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Defeated Sri Lankan candidate Sarath Fonseka urges calm

[BBC, Thursday, 11 February 2010 13:48 No Comment]

_47281537_008716047-1 Defeated Sri Lankan presidential candidate Sarath Fonseka is appealing for calm, his wife has announced.

He made the plea through her after more violent clashes on Thursday linked to his arrest on conspiracy charges.

Anoma Fonseka was granted access to her husband at the naval detention centre where he is awaiting a court martial for conspiring against the government.

The general was arrested on Monday for working with "anti-government forces". He has strongly denied the allegations.

Meanwhile, UN Secretary-General Ban Ki-moon has discussed the arrest with President Rajapaksa and expressed concern about events in the country, a UN statement said.

Lynn Pascoe, head of the UN’s political department, is to visit the island this month, it added.

‘Fear for his life’

Mrs Fonseka was speaking as police used batons and tear gas for a second consecutive day against protesters demanding her husband’s immediate release.

"He wanted me to convey to the people and especially the troops to remain calm and not to be provoked by his illegal arrest," said Mrs Fonseka, who met her detained husband late on Wednesday.

"They are trying to break his spirit, but they won’t succeed."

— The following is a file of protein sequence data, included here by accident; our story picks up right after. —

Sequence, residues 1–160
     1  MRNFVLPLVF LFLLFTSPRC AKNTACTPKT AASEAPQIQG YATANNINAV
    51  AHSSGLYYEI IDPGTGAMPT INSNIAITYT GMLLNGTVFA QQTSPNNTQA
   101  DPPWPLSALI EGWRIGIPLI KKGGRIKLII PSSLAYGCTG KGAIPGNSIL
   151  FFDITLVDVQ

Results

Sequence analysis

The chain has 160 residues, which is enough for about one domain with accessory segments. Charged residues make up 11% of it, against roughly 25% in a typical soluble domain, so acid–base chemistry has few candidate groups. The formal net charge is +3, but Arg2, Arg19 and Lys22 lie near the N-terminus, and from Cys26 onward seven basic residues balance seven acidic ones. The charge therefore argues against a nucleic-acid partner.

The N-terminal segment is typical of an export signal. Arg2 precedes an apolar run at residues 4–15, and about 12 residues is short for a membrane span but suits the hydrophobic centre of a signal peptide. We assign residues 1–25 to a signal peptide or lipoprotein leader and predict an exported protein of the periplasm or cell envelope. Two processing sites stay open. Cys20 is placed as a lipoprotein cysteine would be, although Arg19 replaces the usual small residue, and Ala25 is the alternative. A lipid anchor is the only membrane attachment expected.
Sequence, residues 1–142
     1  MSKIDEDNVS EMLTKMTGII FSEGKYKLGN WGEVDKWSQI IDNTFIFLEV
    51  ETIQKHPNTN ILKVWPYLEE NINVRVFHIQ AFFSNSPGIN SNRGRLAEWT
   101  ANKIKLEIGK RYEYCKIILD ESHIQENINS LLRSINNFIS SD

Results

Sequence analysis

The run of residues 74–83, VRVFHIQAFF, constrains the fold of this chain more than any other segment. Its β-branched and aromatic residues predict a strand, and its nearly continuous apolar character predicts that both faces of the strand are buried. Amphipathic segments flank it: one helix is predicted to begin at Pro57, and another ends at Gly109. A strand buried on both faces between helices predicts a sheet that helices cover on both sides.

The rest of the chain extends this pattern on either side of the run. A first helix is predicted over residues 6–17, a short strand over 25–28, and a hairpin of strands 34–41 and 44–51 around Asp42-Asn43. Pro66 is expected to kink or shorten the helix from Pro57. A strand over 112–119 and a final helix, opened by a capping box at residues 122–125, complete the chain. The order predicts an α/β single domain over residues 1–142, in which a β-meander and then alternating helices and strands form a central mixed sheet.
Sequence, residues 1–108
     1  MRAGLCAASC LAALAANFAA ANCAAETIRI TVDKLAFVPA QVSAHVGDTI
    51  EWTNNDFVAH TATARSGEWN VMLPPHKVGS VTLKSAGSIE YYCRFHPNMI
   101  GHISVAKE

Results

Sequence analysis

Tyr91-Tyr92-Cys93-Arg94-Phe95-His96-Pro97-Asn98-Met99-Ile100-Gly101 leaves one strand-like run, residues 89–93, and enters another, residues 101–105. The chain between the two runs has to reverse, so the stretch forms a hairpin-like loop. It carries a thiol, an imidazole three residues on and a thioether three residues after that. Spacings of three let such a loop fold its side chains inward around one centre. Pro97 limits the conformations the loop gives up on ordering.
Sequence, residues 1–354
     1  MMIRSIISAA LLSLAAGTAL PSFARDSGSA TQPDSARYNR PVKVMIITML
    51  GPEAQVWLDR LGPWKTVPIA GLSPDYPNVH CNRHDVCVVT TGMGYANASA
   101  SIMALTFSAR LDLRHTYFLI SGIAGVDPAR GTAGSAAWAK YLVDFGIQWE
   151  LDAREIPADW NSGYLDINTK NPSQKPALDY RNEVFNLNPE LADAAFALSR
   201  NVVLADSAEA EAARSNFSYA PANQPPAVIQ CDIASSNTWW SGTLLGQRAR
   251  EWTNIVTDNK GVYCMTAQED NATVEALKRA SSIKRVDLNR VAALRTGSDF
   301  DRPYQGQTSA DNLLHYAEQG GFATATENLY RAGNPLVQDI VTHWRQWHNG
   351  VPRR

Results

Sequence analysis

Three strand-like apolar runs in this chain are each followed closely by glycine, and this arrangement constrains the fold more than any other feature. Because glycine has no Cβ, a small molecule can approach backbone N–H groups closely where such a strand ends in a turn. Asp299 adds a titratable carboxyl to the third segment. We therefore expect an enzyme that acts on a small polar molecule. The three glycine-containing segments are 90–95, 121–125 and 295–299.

Mrs Fonseka said that her husband had been denied visits by the personal doctor who had treated him regularly for injuries received in a suicide bombing in April 2006.

"I fear for my husband’s life," she said, pointing out that shrapnel lodged close to his heart and kidneys needed to be monitored.

She also denied that he had engaged in politics while serving in the military: "Definitely 100% I can assure it. After he removed the uniform, he came to the politics."

The government has not detailed what charges Gen Fonseka will face, but Defence Secretary Gotabhaya Rajapakse has alleged that he had "clearly been plotting a military coup".

Gen Fonseka was removed as the head of the army in July and appointed chief of defence staff with no command responsibility. He resigned from the post in November and announced his intention to run for president.

He was beaten comfortably in the vote, with President Rajapaksa winning two million more votes than him.

Presidential power

Human rights groups have expressed disquiet at his arrest.

On Thursday the Hong Kong-based Asian Human Rights Commission warned that Gen Fonseka was being deprived of "due process" because his case was being handled in a military rather than a civilian court.

Meanwhile Sri Lanka’s minister of information has said he is quitting – and expects President Rajapaksa to replace him.

Anura Yapa told the BBC that "most probably" the president would take over the ministerial portfolio himself.

The opposition say that the move is another worrying expansion of presidential power. The president already doubles up as defence minister and finance minister.

[Full Coverage]

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